“They came back with a blueprint: 340 recommendations, some we were already doing so we wanted to continue doing them. There were about 240 new recommendations and we began the process of instituting them.”
Those recommendations “involved taking a look at offices and labs we no longer could afford to keep open. So, last year, we announced roughly 250 labs and offices and locations we’d (shutter). We started a process of early retirements and separation programs that has resulted … in (the USDA) workforce being reduced by around 6,800 workers (about 8 percent of the full-time workforce).”
For more on office shuttering, see here .
The USDA also began “strategically sourcing,” where offices, instead of buying necessities on their own, collaborate to offer single contracts for certain activities and supplies. Similarly, the department consolidated space to use buildings more efficiently to reduce rent expenses. Also on the chopping block was USDA personnel travel, supplies and conferences.
The result was a total savings – “a conservative number” claimed Vilsack – of $700 million. “More likely, it’s closer to $1 billion because of the personnel reductions.”
Food inspections and an e-mail
As for USDA food inspections under sequester cuts, “It isn’t as if we can take money from some other mission area and shift it to food safety. We can’t do that. It isn’t as if in the food safety budget we have flexibility.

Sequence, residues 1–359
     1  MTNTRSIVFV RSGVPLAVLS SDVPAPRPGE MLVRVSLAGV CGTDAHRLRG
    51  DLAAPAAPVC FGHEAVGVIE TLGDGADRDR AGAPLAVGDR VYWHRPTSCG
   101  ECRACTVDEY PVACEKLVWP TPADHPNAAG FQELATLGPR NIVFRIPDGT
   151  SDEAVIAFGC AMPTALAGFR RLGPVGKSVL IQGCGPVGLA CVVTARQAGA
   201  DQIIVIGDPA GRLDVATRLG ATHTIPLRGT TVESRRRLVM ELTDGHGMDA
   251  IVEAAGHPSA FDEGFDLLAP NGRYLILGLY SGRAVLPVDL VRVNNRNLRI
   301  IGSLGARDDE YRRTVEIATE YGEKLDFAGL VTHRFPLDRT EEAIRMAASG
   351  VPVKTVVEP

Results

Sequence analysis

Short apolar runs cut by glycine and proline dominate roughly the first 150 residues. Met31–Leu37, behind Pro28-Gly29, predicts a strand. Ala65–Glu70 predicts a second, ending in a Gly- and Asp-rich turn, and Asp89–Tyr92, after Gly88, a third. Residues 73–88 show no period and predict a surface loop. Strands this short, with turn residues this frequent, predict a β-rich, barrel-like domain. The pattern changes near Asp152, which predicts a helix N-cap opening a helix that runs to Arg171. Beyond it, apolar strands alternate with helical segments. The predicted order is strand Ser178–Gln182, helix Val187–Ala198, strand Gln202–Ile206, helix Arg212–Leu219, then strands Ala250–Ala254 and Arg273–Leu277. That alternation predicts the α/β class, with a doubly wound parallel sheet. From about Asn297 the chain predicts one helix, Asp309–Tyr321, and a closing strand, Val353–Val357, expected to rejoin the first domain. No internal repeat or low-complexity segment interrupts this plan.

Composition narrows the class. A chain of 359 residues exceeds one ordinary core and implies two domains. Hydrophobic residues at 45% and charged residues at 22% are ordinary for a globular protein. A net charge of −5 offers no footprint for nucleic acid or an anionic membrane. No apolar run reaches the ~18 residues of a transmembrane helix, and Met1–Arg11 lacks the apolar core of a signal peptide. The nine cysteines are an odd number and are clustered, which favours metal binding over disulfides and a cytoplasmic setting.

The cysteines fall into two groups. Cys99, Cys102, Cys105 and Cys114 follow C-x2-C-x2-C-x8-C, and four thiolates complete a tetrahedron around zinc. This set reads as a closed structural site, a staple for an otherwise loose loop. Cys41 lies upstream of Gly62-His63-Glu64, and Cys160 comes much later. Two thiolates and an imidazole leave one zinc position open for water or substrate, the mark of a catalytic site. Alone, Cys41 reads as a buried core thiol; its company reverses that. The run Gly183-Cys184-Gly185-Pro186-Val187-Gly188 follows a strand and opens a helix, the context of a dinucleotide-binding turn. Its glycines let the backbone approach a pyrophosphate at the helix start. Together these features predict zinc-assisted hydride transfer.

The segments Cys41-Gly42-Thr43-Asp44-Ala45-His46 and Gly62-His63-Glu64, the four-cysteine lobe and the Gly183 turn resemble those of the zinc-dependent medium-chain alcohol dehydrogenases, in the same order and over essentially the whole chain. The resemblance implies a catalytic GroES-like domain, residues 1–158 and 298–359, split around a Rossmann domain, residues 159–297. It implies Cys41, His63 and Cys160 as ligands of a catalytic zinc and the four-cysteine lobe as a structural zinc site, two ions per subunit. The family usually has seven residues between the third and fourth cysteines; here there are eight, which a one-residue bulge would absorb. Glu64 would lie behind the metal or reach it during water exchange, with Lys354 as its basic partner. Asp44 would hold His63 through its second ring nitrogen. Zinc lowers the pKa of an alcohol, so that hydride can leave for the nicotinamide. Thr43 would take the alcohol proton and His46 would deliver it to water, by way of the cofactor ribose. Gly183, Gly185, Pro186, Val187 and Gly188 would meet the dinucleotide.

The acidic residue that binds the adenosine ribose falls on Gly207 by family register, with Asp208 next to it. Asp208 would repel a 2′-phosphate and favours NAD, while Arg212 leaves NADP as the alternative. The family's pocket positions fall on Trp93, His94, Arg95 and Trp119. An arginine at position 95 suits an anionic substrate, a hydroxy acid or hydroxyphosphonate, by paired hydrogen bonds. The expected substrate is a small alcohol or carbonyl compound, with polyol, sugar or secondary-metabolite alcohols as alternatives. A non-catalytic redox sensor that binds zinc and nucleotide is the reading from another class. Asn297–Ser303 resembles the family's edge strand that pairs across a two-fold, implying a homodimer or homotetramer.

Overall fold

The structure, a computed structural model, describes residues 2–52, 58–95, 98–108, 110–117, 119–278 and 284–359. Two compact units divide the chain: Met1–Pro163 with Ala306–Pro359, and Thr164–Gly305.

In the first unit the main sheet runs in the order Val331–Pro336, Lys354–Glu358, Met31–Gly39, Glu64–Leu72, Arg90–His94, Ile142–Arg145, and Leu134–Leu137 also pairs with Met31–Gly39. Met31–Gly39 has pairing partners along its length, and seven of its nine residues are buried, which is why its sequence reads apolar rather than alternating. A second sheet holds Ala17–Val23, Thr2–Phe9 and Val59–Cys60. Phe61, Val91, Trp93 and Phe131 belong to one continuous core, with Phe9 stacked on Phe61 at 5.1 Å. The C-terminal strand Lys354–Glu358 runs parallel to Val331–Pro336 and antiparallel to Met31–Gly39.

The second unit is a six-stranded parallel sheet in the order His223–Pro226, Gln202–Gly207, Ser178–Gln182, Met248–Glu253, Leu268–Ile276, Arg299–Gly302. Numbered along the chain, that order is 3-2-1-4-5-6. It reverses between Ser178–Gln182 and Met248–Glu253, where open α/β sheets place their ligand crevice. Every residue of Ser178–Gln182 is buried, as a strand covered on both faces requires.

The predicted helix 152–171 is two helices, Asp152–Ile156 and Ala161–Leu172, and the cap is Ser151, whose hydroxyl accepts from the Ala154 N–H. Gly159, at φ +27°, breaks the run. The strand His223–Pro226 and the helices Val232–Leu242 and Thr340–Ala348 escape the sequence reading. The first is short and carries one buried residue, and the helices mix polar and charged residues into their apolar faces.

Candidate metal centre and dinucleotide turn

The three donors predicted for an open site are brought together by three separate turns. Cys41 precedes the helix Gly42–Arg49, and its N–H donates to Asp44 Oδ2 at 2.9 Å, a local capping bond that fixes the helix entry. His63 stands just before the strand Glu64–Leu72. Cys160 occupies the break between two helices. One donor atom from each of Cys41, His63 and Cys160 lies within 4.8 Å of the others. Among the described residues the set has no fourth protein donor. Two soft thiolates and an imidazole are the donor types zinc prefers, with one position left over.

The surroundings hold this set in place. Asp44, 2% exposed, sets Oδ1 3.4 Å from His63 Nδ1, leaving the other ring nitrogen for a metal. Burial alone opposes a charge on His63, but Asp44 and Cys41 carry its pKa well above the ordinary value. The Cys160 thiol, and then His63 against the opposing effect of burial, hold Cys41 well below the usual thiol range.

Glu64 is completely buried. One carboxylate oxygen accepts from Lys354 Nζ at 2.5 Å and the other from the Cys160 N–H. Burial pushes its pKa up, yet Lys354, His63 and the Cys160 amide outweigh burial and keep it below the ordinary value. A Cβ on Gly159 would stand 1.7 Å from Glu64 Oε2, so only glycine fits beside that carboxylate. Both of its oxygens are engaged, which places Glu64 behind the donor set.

“Here’s why: 87 percent of the budget (goes to) people who are inspectors and the money that supports those inspectors. Five percent of the budget is operating expense. The balance is for people who work doing the testing, the analyses and backroom stuff.
“The law limits the amount of furloughs we can give to any individual to 22 days. You could furlough everyone other than the inspectors for 22 days and you’d still have to furlough the inspectors. And by furloughing the others, the inspectors wouldn’t be able to fully do their job because they depend, in part, on what the other folks are doing.”
Plus, said Vilsack, the length of a furlough depends on the depth of the fiscal cut and how much time is available to implement it. “If the cut is hypothetically 6 percent, and you have a full year to do it, it’s one thing. But when you only have (6 months for implementation), it’s 12 percent of the remaining money in order to get to the 6 percent annually.”
Also a factor is the notice that must be provided to employees under labor bargaining agreements. “In the inspectors’ agreement there is an oral conference requirement in addition to the notice requirement. That condenses the amount of time we have to affect the savings to meet the goal established by Congress, which it could prevent by passing a budget and doing their job.”